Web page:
157 – Nathan Sharpe, Western Force (2006–2012: 87); Reds (1998-2005: 70)
141 – Keven Mealamu, Blues (2001-2012: 130); Chiefs (2000: 11)
139 – Stirling Mortlock, Rebels (2011–2012; 16); ; Brumbies (1998–2010: 123)
136 – George Gregan, Brumbies (1996–2007)
136 – Caleb Ralph, Reds (2011: 1); Crusaders (1999-2008: 126); Blues (1998: 6); Chiefs (1997: 3)
132 – Phil Waugh, Waratahs (2000–2011)
131 – Greg Somerville, Rebels (2011: 16); Crusaders (1999-2008: 115)
129 – Reuben Thorne, Crusaders (1997–2008)
128 – George Smith, Brumbies (2000–2010)
128 – Tana Umaga, Chiefs (2011: 6); Hurricanes (1996–2007: 122)
127 – Leon MacDonald, Crusaders (1997; 1999–2003; 2005-2009: 122); Chiefs (1998: 5)
127 – Anton Oliver, Highlanders (1996–2007)
125 – John Smit, Sharks (1999–2011)
125 – AJ Venter, Stormers (2009: 10); Sharks (2000-08: 96); Cats (1998-99: 19)
124 – Sean Hardman, Reds (2000–2010)
124 – Victor Matfield, Bulls (2001–2011: 116); Cats (1999-2000: 8)
122 – Stefan Terblanche, Sharks (1998–2003; 2008–2011)
121 – Al Baxter, Waratahs (2000–2011)
121 – Andrew Hore, Highlanders (2012: 9); Hurricanes (2002; 2004-11: 106); Crusaders (2001: 6)
118 – Ma’a Nonu, Blues (2012: 8); Hurricanes (2003–2011: 110)
116 – Stephen Larkham, Brumbies (1996–2007)
116 – Danie Rossouw, Bulls (2001–2011)

Most Consecutive Matches:
104 – Caleb Ralph Blues (1998: 1); Crusaders(1999-2006: 103)
99 – Pedrie Wannenburg Bulls (2003–2010)
94 – David Croft Reds (2001–2008)
86 – Liam Messam Chiefs (2006–2012)
83 – David Lyons Waratahs (2000–2007)
80 – George Gregan Brumbies
78 – Brendan Cannon Western Force; Waratahs; Reds
76 – Toutai Kefu Reds
75 – Jacques Botes Sharks (2005–2011)
75 – Bill Young Brumbies
73 – Reuben Thorne Crusaders

Most Matches as Captain:
79 – Nathan Sharpe Western Force (77/77); Reds (2/70)
75 – Victor Matfield Bulls (75/116); Cats (0/8)
67 – Taine Randell Highlanders (67/77)
67 – John Smit Sharks (67/125)
66 – Richie McCaw Crusaders (66/110)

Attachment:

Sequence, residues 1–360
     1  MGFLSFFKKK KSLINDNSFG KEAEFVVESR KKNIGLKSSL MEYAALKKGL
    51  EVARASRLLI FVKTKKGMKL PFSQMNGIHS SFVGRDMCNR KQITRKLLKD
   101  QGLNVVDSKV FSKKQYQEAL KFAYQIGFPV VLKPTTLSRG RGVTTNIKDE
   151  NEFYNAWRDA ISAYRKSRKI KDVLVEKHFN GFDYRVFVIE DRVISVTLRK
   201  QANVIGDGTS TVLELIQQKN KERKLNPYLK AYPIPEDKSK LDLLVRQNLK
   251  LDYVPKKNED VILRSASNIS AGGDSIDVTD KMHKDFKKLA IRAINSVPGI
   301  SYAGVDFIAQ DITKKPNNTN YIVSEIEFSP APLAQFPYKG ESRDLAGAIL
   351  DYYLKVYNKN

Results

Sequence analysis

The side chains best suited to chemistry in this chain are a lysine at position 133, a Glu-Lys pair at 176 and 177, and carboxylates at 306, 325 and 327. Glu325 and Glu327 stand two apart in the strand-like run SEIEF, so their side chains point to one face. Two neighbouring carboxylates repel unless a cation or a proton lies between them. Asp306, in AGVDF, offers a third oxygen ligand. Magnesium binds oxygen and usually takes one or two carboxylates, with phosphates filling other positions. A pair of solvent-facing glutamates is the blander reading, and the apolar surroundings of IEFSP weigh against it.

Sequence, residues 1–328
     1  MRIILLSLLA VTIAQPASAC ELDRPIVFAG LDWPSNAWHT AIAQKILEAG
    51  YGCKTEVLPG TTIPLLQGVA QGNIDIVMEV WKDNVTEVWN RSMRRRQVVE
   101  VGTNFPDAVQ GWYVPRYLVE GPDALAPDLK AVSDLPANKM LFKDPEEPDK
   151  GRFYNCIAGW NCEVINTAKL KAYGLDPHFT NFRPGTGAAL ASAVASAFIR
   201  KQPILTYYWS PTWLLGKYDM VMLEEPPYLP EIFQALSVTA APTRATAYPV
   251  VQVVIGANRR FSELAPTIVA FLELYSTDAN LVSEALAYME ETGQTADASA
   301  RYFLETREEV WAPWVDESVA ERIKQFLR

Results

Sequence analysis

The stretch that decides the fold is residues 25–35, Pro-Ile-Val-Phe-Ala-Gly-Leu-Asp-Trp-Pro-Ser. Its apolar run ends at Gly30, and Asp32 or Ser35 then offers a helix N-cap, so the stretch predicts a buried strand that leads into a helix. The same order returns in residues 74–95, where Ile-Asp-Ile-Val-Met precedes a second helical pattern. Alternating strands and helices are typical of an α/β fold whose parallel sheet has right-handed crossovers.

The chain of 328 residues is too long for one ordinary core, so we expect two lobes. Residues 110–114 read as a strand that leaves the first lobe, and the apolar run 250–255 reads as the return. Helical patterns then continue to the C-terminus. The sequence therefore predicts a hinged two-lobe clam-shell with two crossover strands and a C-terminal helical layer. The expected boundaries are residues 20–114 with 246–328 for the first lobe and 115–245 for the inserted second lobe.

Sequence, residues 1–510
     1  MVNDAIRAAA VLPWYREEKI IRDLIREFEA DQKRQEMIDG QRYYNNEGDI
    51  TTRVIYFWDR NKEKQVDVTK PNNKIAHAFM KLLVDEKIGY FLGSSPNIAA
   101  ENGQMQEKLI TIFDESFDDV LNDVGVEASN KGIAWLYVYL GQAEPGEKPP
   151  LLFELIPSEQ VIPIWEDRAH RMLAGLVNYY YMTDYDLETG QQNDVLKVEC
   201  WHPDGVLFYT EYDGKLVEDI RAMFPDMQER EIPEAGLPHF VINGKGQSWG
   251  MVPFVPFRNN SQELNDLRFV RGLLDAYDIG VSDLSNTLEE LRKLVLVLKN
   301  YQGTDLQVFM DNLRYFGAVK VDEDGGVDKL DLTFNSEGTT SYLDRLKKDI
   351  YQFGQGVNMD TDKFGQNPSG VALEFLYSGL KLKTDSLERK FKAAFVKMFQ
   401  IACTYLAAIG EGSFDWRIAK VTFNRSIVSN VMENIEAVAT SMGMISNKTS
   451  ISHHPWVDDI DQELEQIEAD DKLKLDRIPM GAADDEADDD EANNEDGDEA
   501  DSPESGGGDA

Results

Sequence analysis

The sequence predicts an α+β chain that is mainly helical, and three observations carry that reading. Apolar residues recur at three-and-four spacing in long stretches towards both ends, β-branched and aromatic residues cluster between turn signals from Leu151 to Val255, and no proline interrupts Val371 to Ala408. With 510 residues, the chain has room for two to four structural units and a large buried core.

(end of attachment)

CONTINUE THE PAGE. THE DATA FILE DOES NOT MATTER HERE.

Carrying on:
62 – Todd Blackadder Crusaders (62/71)
60 – Stirling Mortlock Rebels (15/15); Brumbies (45/123)
58 – Keven Mealamu Blues (58/130); Chiefs (0/11)
56 – Phil Waugh Waratahs (56/132)
52 – Corné Krige Western Province & Stormers (52/62)

Most Points:
1 377 – Daniel Carter, Crusaders (2001–08, 2010 – present)
1 134 – Morné Steyn, Bulls (2005–2013)
1 036 – Stirling Mortlock, Brumbies (1998–2010), Rebels (2011)
990 – Andrew Mehrtens, Crusaders (1996–2005)
959 – Matthew Burke, Waratahs (1996–2004)
942 – Tony Brown, Highlanders (1996–2004, 2011), Sharks (2006), Stormers (2008)
900 – Peter Grant, Stormers (2006–present)
857 – Stephen Donald, Chiefs (2005–2011)
751 – Matt Giteau, Brumbies (2001–06, 2010–11), Western Force (2007–09)
700 – David Holwell, Hurricanes (1998–2004, 2006), Blues (2007)
661 – André Pretorius, Lions (2002–09, 2011), Western Force (2010)
629 – Elton Flatley, Reds (1996–2006)
625 – Carlos Spencer, Blues (1996–2005), Lions (2010–11)
619 – Adrian Cashmore, Blues (1996–97), Chiefs (2004–05)

Most Tries:
59 – Doug Howlett, Blues (55), Hurricanes (1), Highlanders (3); (1997–2007)
58 – Caleb Ralph, Crusaders (52), Blues (3), Chiefs (3); (1996–2008)
57 – Joe Roff, Brumbies; (1996–2004)
56 – Christian Cullen, Hurricanes; (1996–2003)
56 – Stirling Mortlock, Brumbies (48), Rebels (8); (1998–present)
52 – Bryan Habana, Bulls (37), Stormers (15); (2005–2013)
48 – Tana Umaga, Hurricanes (47), Chiefs (1); (1996–2007, 2011)
43 – Ma’a Nonu, Hurricanes (42), Blues (1); (2003–2012)
43 – Joeli Vidiri, Blues; (1996–2001)
42 – Sitiveni Sivivatu, Chiefs; (2002–2011)
42 – Leon MacDonald, Crusaders (42), Chiefs (0); (1997–2008)
41 – Chris Latham, Reds; (1997–2008)
41 – Scott Staniforth, Waratahs (23), Force (18); (1997–2010)
40 – Joe Rokocoko, Blues; (2003–2011)
40 – Rico Gear, Crusaders; (1999–2007)
37 – Jaque Fourie, Stormers (7), Lions (9), Cats (15); (2003–2011)
36 – Cameron Shepherd, Waratahs (6), Western Force (26); (2004–2011)
35 – Drew Mitchell, Waratahs (17), Western Force (12), Reds (6); (2006–present)
35 – Marika Vunibaka, Crusaders; (2000–2004)
35 – Breyton Paulse, Stormers; (1998–2007)
35 – Jeff Wilson, Highlanders; (1996–2002)
35 – Stefan Terblanche, Sharks; (1998–2011)
33 – Matt Giteau Brumbies(?), Force(?); (2003–2011)
32 – Stephen Larkham, Brumbies; (1996–2007)
32 – Roger Randle, Chiefs; (1996–2003)
32 – Andrew Walker, Brumbies (?), Reds (?); (1999–2003, 2007)
31 – Pieter Rossouw, Stormers (30), Western Province (1); (1996–2004)
31 – Ben Tune, Reds; (1996–2003, 2005–07)
31 – Lelia Masaga Chiefs; (2004–present)
30 – Owen Finegan, Brumbies; (1996–2005)
30 – Daniel Carter, Crusaders; (2001–07, 09-present)